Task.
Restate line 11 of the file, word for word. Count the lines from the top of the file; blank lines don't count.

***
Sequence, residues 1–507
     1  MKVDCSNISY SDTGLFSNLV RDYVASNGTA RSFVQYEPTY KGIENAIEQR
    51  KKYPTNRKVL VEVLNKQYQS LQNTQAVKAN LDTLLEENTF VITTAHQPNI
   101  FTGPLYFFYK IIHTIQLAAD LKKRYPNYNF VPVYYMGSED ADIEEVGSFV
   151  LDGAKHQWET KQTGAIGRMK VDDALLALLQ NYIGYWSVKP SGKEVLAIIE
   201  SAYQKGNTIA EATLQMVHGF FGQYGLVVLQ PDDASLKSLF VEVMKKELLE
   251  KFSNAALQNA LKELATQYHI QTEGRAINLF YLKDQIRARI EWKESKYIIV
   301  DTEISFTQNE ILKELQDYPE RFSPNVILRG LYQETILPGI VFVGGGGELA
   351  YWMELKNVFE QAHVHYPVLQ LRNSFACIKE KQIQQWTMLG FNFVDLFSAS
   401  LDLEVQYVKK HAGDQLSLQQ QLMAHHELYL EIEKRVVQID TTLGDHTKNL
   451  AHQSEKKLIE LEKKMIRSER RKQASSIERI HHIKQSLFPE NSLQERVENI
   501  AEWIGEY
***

   451  AHQSEKKLIE LEKKMIRSER RKQASSIERI HHIKQSLFPE NSLQERVENI